unsigned long long numberToSystemEndian
    unsigned long long In, 
    unsigned short SourceEndian
   if (SourceEndian != 1)
      //from an opposite endian system
   return In;

So to use this, you'd need SourceEndian to be an indicator to communicate the endianness of the input number. This could be stored in the file (if this is a serialization problem), or communicated over the network (if it's a network serialization issue).


An easy way would be to use ntohl on the two parts seperately:

unsigned long long htonll(unsigned long long v) {
    union { unsigned long lv[2]; unsigned long long llv; } u;
    u.lv[0] = htonl(v >> 32);
    u.lv[1] = htonl(v & 0xFFFFFFFFULL);
    return u.llv;

unsigned long long ntohll(unsigned long long v) {
    union { unsigned long lv[2]; unsigned long long llv; } u;
    u.llv = v;
    return ((unsigned long long)ntohl(u.lv[0]) << 32) | (unsigned long long)ntohl(u.lv[1]);
  • 1
    your first function is htonll and uses ntohl() internally. both functions are interchangeable, correct? if so why are they implemented differently? – Marius Apr 29 '10 at 16:13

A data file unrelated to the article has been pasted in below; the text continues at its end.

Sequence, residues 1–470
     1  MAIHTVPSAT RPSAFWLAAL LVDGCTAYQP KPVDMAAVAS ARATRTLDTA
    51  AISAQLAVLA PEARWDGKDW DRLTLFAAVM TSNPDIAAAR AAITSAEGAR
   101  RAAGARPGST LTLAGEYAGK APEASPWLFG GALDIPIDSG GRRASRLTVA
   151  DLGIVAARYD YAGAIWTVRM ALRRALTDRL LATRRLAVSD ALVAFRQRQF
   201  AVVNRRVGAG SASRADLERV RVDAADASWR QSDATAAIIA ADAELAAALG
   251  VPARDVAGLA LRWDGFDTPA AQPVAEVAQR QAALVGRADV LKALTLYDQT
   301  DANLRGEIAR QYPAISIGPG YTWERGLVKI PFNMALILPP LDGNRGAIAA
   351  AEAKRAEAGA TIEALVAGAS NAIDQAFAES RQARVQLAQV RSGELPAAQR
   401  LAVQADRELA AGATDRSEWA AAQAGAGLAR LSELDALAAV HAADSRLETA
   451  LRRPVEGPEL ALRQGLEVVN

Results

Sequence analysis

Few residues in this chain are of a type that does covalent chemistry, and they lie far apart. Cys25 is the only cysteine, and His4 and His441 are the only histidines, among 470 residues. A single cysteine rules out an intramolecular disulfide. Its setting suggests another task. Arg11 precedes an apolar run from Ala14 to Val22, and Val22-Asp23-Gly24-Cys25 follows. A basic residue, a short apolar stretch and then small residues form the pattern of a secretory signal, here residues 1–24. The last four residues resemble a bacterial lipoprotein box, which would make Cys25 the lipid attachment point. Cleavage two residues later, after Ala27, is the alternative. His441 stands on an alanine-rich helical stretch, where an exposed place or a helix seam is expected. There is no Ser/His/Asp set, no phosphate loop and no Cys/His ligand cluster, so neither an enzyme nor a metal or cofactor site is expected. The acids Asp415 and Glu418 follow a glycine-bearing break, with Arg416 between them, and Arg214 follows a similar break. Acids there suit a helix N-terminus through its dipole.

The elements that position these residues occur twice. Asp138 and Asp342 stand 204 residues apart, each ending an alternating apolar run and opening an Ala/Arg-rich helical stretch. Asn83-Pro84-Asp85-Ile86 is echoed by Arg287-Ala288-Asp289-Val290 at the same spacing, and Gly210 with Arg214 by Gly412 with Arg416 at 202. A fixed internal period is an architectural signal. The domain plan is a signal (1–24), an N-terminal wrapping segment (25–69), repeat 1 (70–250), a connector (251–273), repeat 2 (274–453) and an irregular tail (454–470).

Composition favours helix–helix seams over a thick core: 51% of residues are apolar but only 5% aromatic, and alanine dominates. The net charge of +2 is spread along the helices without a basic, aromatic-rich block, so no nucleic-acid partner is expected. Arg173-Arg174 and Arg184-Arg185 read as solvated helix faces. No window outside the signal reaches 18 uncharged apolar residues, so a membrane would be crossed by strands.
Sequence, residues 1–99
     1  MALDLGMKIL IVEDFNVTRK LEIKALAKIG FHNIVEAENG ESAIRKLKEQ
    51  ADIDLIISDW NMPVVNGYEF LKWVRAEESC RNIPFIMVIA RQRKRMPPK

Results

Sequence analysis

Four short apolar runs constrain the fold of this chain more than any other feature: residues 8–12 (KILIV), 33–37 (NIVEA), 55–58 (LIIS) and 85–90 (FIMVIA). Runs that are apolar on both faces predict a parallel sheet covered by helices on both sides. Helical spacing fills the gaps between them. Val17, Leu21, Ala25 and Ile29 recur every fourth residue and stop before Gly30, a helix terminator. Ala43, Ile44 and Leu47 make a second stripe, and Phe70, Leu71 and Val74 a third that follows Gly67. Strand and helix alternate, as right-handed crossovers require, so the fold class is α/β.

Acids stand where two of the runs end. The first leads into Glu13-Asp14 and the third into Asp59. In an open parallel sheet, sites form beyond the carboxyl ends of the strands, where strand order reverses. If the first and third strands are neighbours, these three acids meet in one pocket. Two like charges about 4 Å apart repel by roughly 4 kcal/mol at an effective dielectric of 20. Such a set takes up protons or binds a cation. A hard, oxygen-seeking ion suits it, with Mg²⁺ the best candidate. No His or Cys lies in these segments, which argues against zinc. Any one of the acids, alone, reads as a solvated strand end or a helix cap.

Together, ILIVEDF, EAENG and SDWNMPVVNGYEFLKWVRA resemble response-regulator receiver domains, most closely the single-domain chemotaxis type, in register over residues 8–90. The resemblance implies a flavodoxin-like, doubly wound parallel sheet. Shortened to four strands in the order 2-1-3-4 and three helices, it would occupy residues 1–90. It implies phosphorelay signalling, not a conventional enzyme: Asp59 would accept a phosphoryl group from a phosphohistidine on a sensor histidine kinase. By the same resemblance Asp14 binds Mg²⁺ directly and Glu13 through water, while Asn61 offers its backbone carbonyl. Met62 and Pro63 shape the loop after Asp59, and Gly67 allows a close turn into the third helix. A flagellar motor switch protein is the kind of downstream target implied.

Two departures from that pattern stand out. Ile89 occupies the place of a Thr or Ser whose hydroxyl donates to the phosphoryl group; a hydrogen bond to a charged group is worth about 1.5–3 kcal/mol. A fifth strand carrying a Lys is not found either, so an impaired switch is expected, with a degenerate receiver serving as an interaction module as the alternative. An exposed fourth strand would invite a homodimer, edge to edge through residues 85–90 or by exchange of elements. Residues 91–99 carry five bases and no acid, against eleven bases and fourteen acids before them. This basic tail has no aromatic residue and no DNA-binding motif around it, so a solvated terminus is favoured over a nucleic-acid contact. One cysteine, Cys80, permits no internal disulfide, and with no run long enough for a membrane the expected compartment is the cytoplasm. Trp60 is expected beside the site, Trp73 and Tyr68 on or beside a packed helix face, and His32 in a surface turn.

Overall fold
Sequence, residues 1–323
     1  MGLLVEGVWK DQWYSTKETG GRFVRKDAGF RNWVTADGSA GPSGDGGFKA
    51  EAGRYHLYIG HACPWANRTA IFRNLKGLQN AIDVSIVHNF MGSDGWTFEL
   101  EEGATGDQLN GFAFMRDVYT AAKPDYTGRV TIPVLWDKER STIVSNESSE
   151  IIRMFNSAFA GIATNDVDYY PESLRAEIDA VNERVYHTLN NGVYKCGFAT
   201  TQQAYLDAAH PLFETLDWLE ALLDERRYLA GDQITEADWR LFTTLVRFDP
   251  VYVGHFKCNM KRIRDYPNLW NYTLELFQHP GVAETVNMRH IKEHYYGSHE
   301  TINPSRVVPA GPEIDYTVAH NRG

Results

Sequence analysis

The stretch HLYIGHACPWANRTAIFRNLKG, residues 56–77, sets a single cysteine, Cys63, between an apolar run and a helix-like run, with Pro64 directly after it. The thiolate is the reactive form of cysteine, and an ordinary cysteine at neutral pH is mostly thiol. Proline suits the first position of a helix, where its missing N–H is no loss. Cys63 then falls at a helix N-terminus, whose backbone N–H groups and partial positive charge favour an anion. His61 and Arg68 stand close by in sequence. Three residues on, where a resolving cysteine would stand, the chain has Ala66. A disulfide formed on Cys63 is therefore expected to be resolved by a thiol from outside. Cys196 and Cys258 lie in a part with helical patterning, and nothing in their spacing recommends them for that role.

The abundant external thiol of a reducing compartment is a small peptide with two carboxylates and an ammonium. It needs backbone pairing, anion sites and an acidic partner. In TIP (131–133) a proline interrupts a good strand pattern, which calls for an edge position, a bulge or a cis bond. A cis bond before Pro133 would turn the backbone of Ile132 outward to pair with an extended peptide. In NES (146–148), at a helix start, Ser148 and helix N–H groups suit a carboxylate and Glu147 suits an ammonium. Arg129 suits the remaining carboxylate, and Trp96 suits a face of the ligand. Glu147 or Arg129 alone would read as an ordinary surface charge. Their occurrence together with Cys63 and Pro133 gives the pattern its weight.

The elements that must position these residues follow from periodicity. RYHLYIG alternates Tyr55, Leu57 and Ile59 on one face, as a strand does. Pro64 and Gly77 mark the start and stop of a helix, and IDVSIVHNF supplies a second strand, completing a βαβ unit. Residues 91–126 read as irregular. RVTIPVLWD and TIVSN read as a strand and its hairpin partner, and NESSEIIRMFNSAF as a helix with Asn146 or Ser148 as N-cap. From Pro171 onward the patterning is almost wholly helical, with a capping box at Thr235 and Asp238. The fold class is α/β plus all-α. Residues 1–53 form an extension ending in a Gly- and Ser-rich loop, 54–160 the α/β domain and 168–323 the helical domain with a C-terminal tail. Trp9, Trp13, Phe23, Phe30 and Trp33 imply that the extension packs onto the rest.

• Oops, fixed. Strictly speaking, there are other options for endianness than big or little-endian - while you don't see them much anymore, on some very old systems, htonl() and ntohl() might behave differently. – bdonlan May 6 '10 at 20:58

htonl can be done by below steps

  • If its big endian system return the value directly. No need to do any conversion. If its litte endian system, need to do the below conversion.
  • Take LSB 32 bit and apply 'htonl' and shift 32 times.
  • Take MSB 32 bit (by shifting the uint64_t value 32 times right) and apply 'htonl'
  • Now apply bit wise OR for the value received in 2nd and 3rd step.